Trim The Fat Tuesday: The Thermostat Adjustment

Week One of our New Year's resolution is here! The first step taken to save some cash in this project is pretty painless (I didn't even tell anyone I was doing it, and it's actually been this way for a month without anyone even noticing):

Lower the thermostat by 1 degree.

We already have a programmable thermostat, which we use to set the heat back by 8 degrees while we are gone during the day and 5 degrees while we are sleeping at night. I'm sure that also saves us money, but I have no idea how much, because we've always done that.

So that doesn't count — we're looking for new savings that I can actually count up and add to my mortgage payment.

A fairly quick internet search shows that the rule-of-thumb is that you can expect about 3% savings for every degree you turn down your thermostat. This is obviously affected by all kind of factors (house size, outside temperature, R-factor of your insulation, blah blah boring you can check out some charts from Michigan here if you're a science teacher or something), but we're going to stick with that number as a useful average.  (If you're looking for some basic facts on why the thermostat setback is a good idea, read this short article from Mother Earth News.)

This means I have knocked back our heat to 67 degrees while we're home, 59 degrees while we're away, and 62 degrees while we're sleeping. Minus one degree across the board.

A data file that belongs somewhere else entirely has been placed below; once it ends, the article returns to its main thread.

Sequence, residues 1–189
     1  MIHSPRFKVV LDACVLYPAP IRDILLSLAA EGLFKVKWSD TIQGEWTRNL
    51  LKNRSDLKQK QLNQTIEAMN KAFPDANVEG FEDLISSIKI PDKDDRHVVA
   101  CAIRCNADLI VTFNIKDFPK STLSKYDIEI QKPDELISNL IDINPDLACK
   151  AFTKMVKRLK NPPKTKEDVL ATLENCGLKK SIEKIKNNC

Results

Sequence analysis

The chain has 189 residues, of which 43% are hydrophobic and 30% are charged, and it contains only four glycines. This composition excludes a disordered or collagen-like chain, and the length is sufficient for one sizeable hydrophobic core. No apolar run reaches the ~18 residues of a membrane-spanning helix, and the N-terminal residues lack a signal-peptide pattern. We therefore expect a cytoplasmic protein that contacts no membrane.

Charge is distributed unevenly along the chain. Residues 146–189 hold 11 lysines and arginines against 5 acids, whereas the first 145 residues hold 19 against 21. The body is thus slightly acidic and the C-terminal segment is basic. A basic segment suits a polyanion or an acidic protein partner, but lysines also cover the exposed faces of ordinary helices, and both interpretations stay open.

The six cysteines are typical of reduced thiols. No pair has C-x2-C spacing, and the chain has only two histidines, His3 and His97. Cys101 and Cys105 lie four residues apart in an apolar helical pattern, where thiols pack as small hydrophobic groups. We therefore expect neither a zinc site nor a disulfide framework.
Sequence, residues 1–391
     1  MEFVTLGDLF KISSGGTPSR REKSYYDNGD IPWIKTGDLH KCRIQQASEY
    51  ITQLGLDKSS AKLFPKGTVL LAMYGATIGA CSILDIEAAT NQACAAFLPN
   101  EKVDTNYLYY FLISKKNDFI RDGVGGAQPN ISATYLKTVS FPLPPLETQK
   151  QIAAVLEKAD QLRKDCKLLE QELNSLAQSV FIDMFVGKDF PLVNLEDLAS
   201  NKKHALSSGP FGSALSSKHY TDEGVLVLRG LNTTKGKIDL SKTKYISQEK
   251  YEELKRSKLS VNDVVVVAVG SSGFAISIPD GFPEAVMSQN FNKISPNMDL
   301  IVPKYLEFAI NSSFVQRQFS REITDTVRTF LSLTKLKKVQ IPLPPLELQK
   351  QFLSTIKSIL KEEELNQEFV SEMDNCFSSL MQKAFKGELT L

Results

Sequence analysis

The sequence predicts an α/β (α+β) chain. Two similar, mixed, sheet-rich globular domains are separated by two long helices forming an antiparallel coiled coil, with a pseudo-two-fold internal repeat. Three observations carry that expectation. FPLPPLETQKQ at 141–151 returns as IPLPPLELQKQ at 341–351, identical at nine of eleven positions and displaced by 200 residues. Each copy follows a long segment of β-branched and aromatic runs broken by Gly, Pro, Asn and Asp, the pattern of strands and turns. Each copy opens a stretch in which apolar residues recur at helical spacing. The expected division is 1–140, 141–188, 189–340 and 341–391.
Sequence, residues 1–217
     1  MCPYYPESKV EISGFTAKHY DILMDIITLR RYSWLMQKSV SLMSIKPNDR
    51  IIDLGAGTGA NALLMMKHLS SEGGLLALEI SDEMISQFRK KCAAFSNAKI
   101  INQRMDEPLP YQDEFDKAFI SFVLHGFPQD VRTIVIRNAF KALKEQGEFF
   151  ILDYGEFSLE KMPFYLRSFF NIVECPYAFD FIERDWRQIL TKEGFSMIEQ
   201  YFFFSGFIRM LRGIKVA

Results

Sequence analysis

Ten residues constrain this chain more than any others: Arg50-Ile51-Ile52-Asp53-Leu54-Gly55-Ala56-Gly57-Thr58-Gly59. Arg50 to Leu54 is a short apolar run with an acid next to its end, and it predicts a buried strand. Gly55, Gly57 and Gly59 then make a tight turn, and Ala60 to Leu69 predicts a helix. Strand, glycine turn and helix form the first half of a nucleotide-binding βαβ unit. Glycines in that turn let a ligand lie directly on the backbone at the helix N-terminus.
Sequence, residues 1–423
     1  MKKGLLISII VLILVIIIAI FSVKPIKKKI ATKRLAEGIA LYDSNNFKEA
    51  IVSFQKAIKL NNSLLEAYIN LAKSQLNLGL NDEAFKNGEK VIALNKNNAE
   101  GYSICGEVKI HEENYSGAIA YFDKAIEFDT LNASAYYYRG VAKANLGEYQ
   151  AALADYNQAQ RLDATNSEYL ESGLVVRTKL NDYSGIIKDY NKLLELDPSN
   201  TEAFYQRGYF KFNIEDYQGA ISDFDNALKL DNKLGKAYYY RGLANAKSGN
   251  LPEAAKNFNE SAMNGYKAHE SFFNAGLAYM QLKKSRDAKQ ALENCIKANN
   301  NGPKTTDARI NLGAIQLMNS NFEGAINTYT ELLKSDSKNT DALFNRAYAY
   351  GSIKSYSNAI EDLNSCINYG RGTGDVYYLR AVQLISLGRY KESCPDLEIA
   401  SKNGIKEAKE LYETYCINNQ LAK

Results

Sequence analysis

Last year we spent $1,990.36 on heating oil for the winter season. So far the price of oil is about the same this year, so I'm just going to calculate the savings using last year's numbers. 3% of that total is a savings of $59.71 for the season, or $4.98 per month over the course of a whole year.

Totally gonna round that up to $5 a month to add to our payment for early payoffs.

BORING TECHNICALITY NOTE: I think that my original idea about paying off the mortgage is solid, but that we're going to start with the car payment first instead. There's no tax advantage there, and it has a higher interest rate, but I kind of forgot about it. And after a few more calculations, it turns out that if we pay that off 2 1/2 years early with the extra $600 per month we hope to save, and then dump all the original car payment amount plus the extra payments onto the mortgage starting in 2015, we'll still have the mortgage paid off in 20 years. So this way we'll have TWO interest-charging loans out of the way in the same amount of time.

Seriously, the calculators are amazing when you start to run numbers and see the snowballing effects here. Totally motivating to keep that thermostat lower and reach for a sweater instead!

Savings per month: $5

Comments

  1. Wow - you keep the house pretty chilly!

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  2. I think it's all relative--when it's only averaging 20 degrees outside, this seems pretty toasty. (And I actually just lowered it all by another degree because oil prices went up by another 20 cents a gallon on our latest delivery.) The only time we really feel the chill is when the temperatures drop below 10 degrees or so. Our house isn't insulated, so that's when you can feel the cold pressing in from the edges of the house. Insulation is very high on our list of house projects--it will practically pay for itself!

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